Networking with a Laser Focus


By Michelle Nichols "Small is beautiful" launched the original Volkswagen Beetle's wild success back in the 1960s. It also perfectly describes the current trend in business networking.

Ten years ago, if you wanted to boost your sales through networking, you attended events where you would circulate through a multitude of strangers, smile constantly, and exchange business cards like mad. Whoever left with the most cards was declared the winner.

These days, successful reps are shifting away from this style of all-purpose networking and opting for smaller, focused groups, which I call SNAs -strategic network alliances. These are "strategic" because they aren't made up of hundreds of people whose only common denominator is belonging to a chamber of commerce or being women in business. Rather, there's a strategy behind their creation, and their laser focus takes them beyond general networking and toward a more potent "alliance."

SWAPING LEADS. SNA members are not direct competitors, of course, but come together around a common selling focus. It could be that they all sell to the same type of customer, like wealthy individuals or teenagers. It could be a particular industry, like automotive or fast-food franchisees. They could share a job title in common, like sales manager or senior sales representative. Their target could even be geographical, like selling to Europe or South Africa.Whatever the focus of the group, the clearer it is, the more powerful the results.

The most obvious benefit of belonging to an SNA is to exchange qualified business leads. Your chances of being introduced to key buyers increase dramatically when you associate with peers who sell complementary products to those buyers. For instance, if they sell copiers, and you sell copier paper, you've got your own little SNA. If they export heavy equipment to Peru, and you do too, another SNA is born.

Besides sales leads, another benefit is shared industry information and insight. When you work alone, it's hard to know everything about an industry or market, but as part of an SNA, you can. Don't forget that customers tend to buy from salespeople who are "in the know" so they can stay up to date too. They also like to deal with vendors who understand their bigger picture and can offer solutions that work in all dimensions of their situation.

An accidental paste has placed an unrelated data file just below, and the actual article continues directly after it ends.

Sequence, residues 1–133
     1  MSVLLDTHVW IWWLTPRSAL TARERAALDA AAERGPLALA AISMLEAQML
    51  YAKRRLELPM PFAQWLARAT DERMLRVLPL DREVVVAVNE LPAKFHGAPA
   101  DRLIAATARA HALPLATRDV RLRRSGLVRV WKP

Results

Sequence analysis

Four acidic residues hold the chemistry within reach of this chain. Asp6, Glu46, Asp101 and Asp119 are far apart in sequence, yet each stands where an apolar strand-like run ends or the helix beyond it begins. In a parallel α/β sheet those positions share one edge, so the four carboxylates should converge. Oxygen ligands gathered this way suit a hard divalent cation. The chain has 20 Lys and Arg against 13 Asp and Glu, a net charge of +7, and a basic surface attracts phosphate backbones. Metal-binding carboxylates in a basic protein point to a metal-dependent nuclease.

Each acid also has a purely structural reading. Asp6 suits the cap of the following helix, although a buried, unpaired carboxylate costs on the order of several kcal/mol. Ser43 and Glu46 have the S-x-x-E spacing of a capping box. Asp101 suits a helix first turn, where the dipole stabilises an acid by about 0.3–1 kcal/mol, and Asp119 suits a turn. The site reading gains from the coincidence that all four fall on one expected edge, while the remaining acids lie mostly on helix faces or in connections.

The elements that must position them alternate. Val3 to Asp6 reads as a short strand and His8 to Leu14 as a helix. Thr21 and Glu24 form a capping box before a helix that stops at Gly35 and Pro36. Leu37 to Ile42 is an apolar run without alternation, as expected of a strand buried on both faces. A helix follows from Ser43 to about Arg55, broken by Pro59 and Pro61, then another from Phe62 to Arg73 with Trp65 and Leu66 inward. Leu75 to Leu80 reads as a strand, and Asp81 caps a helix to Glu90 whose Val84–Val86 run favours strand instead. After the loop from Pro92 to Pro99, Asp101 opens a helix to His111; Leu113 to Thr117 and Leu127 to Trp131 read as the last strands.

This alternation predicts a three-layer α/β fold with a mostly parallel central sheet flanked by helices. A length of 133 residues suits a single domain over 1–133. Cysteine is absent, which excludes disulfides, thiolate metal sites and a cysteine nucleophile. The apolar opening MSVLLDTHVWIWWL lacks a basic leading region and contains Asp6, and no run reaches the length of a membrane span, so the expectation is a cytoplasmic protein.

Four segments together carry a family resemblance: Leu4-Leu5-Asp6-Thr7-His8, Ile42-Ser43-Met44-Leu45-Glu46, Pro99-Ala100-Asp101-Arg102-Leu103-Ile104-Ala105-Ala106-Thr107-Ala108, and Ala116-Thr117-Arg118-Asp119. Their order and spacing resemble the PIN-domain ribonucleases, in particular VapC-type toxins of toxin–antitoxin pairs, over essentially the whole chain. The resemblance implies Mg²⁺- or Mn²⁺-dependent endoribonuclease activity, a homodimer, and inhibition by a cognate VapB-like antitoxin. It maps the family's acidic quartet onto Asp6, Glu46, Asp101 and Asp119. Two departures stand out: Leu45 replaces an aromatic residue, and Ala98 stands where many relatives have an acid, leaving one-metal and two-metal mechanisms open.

THE PLEASURE OF PEERS. Another advantage of these small, select groups is trusted advice. Recently, I was asked to join a group of solo business owners who live in my town. Among other things, these people seek a safe place to try out ideas and get honest feedback, without the threat of a leak to their employees or competitors.

A fourth benefit is camaraderie. If you're the only one in your company who does what you do, sometimes it can be pleasurable to be among your peers. This offers a great return on time because they understand your situation and often have solutions to your problems you may not have considered. At the very least, they can support you as you work your way through a challenge - and that's worth a lot.

Not all SNA's are ongoing. For instance, I wanted to do a favor for some of the members in my business network. I realized several of them sold to wealthy individuals. So I am organizing an SNA luncheon for them to meet each other and network. They sell everything from financial products to original art, high-end real estate to plastic-surgery services.

WATCH THEM MULTIPLY. While I don't share their same target market, in the time it takes to plan and enjoy one lunch, I can thank or serve a table full of influential salespeople. I won't be surprised if several of them later refer me to speak at their professional associations or consult for their clients. Besides, it'll be fun, and I'll probably get an anecdote or two for an upcoming column or speech.

Never hesitate to share your contacts with those you trust and respect. That's the fun of a great Rolodex. Stanley Marcus, one of the founders of upscale retailer Neiman-Marcus, believed the power of a Rolodex is not how big it is, but how often you open it in the service of others. How true.

So, how do you start an SNA? It sounds ironic, but to build a good one, you need to go to several general networking groups and look for top-notch peers, professionals who have something to offer you and could benefit from what you can offer them. The good news is you don't have to do all the work. If you start with a few key members, they can probably each recommend another member or two, thereby doubling or tripling the size of the group immediately. Their recommended members also expand your network instantly -- and you haven't even met yet!

As character Buzz Lightyear reminded his fellow toys in the movie Toy Story, "If you don't have one, get one!" Although Buzz was speaking of getting a buddy for moving day, the same idea applies to expanding your selling networks. A shift has occurred in networking toward smaller, more strategic alliances. If you belong to only large networking groups, it's time to start or join an SNA. Happy networking -- and selling! Nichols is a sales speaker, trainer, and consultant based in Houston. She welcomes your questions and comments. Visit her Web site at savvyselling.com


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